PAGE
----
The COVID-19 crisis has been a huge strain on both healthcare systems and health workers. We think that we all have a responsibility to work together to strengthen global health security and create innovation pacts with society that foster progress and enable lasting change.
Collaboration and improving readiness for future health challenges
All stakeholders should continue the cooperation beyond the current crisis to prepare for future health challenges and health security crises.
We need further global cooperation on the development, testing, approval and production of vaccines and treatments. Policymakers and the industry should continue working together to ensure appropriate mechanisms are in place to accelerate the rapid deployment of effective interventions across the globe.
We also need to ensure that the healthcare of patients suffering from other diseases is not compromised during times of worldwide crisis.
Further research collaborations and efforts are needed to address tomorrow’s unmet needs and progress scientific advances. Innovation should be encouraged through regulatory and innovation policy solutions, such as:
- Accelerated regulatory approvals for high unmet medical needs
- Acceptance of innovative clinical trial designs
- Dynamic regulatory assessments
- New pathways to personalised medicines and biomarker validation
- Greater regulatory harmonisation and reliance, especially in low- and middle-income countries
- Acceptance of real-world evidence in regulatory (and other) decision-making
“This pandemic has catalysed a spirit of collaboration and demonstrated what can be achieved when society comes together with one common goal”
Anouk De Vroey
Senior director, government affairs & policy EMEA, Johnson & Johnson
There has been a transition to telemedicine at a speed previously unheard of. Remote consultations and monitoring have provided an alternative to hospital visits, showing that digital options have the potential to free up resources in healthcare systems, and enable patient-centric solutions that people can receive in their own homes.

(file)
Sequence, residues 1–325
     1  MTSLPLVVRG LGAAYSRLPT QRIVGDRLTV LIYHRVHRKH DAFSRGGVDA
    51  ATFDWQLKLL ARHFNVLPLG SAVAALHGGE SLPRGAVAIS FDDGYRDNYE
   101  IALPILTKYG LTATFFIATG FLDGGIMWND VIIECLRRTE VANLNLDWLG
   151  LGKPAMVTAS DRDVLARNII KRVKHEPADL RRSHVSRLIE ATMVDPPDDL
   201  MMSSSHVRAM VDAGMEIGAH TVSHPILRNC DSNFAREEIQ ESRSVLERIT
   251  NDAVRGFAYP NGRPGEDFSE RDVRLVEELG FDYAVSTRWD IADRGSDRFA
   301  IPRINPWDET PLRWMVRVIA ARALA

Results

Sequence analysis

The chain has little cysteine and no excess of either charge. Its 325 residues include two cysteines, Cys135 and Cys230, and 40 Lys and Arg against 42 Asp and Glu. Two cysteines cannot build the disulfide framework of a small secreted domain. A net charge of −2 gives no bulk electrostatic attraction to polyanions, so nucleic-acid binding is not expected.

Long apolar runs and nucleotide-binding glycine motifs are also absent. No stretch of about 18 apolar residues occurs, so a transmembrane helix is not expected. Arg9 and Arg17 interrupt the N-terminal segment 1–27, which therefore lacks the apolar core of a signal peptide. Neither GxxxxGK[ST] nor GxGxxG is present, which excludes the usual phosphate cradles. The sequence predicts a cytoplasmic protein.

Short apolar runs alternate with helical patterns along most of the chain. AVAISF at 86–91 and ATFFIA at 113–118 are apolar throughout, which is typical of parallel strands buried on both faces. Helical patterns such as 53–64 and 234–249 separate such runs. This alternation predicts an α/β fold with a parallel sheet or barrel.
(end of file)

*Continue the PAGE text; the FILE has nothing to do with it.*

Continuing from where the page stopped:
Health data collection is key for real-time disease diagnosis and tracking, epidemiological research or treatment discovery. We need to standardise health data as findable, accessible, interoperable and reusable, and, more than ever, create a European Health Data Space based on a federated network, while safeguarding privacy.
Continued digitalisation has the potential to lead to accelerated adoption of early diagnosis, enhanced screening programmes and advancing personalised care.
Supporting value-based healthcare
Methods are needed to define and agree on Key Performance Indicators (KPIs) to assess and track healthcare systems’ performance to improve patient and population health.
We believe value-based healthcare approaches can help ensure better population health outcomes and improved patient experience, while at the same time promoting sustainability by making better use of available resources.
The use of real-world data (RWD), from sources such as electronic health records, genomic information (information about a patient's DNA) and patient-derived data via apps, on a vast scale, may help improve decisions and consequently populations’ health.
In many countries, Health Technology Assessment processes and methodologies are not adapted to innovative therapies, creating patient access delays. We need reforms in HTA methods to better reflect the value of these technologies.
Read more about value-based healthcare Read more about how we work with patients